and#147;Bold and gripping, Godand#8217;s Laboratory
is ethnography at its best. The bookand#8217;s unforgettable characters and their desperate travails to reproduce via global medicine are the very fabric of a highly-original and much-needed social theory for our twenty-first century technological societies.and#8221; - Joand#227;o Biehl, author of Vita: Life in a Zone of Social Abandonment
"Godand#8217;s Laboratory is the perfect anthropological antidote to the fetishization of reproductive materials as 'life itself.' Roberts shows in meticulous detail and in luminous prose how Catholic scientists and technicians in Ecuador invite God into private IVF labs to and#145;bless the workand#8217; of producing embryos. Kinship, care, and cultivation -- not embryonic life -- define reproduction in this uncertain world." - Nancy Scheper-Hughes, author of Death Without Weeping: The Violence of Everyday Life in Brazil
and#147;Written with clarity, compassion, and self-reflection, God's Laboratory is a beautiful book which puts the ethnographic method to excellent use. Roberts's painstaking fieldwork unearthed the many layers through which the aspirations for fertility and use of infertility technologies instantiate not only gender and kinship in Ecuador, but ethnicity, race and region in the national project of modernity. The book is a stunning instance of the benefits which accrue when the study of reproduction is used as an optic for understanding social life.and#8221; - Rayna Rapp, author of Testing Women, Testing the Fetus: The Social Impact of Amniocentesis in America
and#147;Godand#8217;s Laboratory is a strong, intriguing and careful look at the daily connections between faith and science that underpin the process of human assisted reproduction in urban Ecuador." -Marisol de la Cadena, author of Indigenous Mestizos: The Politics of Race and Culture in Cuzco, Peru, 1910-1991
Assisted reproduction, with its test tubes, injections, and gamete donors, raises concerns about the nature of life and kinship. Yet these concerns do not take the same shape around the world. In this innovative ethnography of in vitro fertilization in Ecuador, Elizabeth F.S. Roberts explores how reproduction by way of biotechnological assistance is not only accepted but embraced despite widespread poverty and condemnation from the Catholic Church. Robertsand#8217; intimate portrait of IVF practitioners and their patients reveals how technological intervention is folded into an Andean understanding of reproduction as always assisted, whether through kin or God. She argues that the Ecuadorian incarnation of reproductive technology is less about a national desire for modernity than it is a product of colonial racial history, Catholic practice, and kinship configurations. Godand#8217;s Laboratory offers a grounded introduction to critical debates in medical anthropology and science studies, as well as a nuanced ethnography of the interplay between science, religion, race and history in the formation of Andean families.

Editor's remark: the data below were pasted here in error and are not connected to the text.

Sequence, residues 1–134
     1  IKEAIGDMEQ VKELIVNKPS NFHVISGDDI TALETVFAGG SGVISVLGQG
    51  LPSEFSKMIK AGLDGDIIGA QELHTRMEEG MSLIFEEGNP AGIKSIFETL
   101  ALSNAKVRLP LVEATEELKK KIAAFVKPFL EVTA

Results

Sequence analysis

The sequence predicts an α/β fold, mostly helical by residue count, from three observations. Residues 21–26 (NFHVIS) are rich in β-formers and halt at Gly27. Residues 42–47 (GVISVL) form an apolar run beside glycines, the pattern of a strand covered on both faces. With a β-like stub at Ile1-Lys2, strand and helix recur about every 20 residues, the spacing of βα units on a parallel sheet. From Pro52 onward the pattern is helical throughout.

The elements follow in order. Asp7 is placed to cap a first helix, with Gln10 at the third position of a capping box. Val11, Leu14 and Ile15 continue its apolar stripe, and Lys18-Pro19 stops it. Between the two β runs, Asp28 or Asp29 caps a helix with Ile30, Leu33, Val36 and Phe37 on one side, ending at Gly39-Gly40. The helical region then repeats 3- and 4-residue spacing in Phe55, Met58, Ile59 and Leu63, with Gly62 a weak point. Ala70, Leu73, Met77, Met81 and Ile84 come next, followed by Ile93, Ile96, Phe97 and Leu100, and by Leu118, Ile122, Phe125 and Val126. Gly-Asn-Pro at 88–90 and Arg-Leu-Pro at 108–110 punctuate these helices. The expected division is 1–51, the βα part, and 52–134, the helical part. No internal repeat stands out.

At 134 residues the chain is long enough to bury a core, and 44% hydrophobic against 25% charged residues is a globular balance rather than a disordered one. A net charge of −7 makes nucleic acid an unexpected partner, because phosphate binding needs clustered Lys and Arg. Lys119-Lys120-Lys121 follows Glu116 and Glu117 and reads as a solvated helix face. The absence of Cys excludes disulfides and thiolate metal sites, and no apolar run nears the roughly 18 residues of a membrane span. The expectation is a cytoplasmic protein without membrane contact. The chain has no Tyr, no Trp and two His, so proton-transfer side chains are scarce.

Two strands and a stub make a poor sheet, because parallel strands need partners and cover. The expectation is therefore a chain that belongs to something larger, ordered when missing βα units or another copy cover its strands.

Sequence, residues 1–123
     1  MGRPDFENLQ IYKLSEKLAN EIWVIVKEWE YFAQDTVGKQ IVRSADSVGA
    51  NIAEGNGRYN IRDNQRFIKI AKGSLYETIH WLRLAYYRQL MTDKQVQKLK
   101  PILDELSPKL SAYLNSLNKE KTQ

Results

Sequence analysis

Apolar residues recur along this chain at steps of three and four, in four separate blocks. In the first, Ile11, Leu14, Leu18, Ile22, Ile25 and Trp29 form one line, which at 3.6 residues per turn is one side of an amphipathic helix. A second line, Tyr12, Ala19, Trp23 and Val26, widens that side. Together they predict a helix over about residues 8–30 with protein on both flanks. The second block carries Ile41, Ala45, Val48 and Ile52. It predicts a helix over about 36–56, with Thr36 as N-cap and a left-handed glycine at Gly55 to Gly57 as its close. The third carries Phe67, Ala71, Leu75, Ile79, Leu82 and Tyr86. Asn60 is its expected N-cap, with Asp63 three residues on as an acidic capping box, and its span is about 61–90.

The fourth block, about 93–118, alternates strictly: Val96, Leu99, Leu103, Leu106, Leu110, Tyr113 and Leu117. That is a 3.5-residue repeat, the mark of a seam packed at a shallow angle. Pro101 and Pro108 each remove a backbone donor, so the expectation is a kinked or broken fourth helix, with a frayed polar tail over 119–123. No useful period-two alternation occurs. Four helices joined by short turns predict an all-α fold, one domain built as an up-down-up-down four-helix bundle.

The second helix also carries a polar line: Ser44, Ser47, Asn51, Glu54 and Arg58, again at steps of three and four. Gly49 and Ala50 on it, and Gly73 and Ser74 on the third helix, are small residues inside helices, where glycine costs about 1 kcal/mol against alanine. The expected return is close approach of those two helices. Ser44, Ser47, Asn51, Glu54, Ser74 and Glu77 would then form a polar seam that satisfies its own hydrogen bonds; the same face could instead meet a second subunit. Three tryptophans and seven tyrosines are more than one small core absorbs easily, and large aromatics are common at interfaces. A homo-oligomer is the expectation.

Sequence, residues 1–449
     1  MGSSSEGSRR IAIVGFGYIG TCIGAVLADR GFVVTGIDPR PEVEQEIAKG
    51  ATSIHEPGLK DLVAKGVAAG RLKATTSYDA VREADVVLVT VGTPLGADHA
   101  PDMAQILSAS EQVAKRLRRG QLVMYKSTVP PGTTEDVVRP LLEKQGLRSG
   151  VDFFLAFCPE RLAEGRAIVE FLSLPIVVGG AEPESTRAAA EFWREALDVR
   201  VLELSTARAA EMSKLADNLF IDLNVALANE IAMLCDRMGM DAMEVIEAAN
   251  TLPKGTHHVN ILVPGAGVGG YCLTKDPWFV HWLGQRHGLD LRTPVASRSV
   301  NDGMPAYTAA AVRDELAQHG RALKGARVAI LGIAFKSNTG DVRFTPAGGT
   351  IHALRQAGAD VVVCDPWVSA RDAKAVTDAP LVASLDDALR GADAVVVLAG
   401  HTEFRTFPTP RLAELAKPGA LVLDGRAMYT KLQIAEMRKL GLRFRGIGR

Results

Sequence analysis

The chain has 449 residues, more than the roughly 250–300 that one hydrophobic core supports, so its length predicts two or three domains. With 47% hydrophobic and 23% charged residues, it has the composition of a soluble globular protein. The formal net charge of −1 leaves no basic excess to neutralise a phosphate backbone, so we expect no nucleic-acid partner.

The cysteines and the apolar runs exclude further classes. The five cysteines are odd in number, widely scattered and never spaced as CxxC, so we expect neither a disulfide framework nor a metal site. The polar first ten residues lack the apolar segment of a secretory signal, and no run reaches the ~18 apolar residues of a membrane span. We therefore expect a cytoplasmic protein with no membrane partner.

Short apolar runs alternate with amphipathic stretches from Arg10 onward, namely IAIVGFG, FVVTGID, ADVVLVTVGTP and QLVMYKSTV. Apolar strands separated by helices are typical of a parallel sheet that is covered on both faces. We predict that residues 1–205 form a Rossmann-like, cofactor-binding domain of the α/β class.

Microcredit is part of a global trend of financial inclusion that brings banking services, and especially small loans, to the worldand#8217;s poor. While credit for the poor has increasingly come under the rubric of commercial banking, Paraguayan solidarity lending offers a window into the tensions between social development and global finance.
Social Collateral tracks collective debt across the commercial society and smuggling economies at the Paraguayan border through examining group loans made to women by nonprofit development programs. These highly regulated loans are secured through mutual support and peer pressureand#151;social collateraland#151;rather than through physical collateral.
The story of social collateral cannot be told without an interwoven story about the feminization of solidarity lending. At its core is an economy of genderand#151;from pink-collar financial work, to menand#8217;s committees, to hard women smugglers. At stake are interdependencies that bind borrowers and lenders, financial technologies, and Paraguayan development in ways that structure both global inequality and opportunity.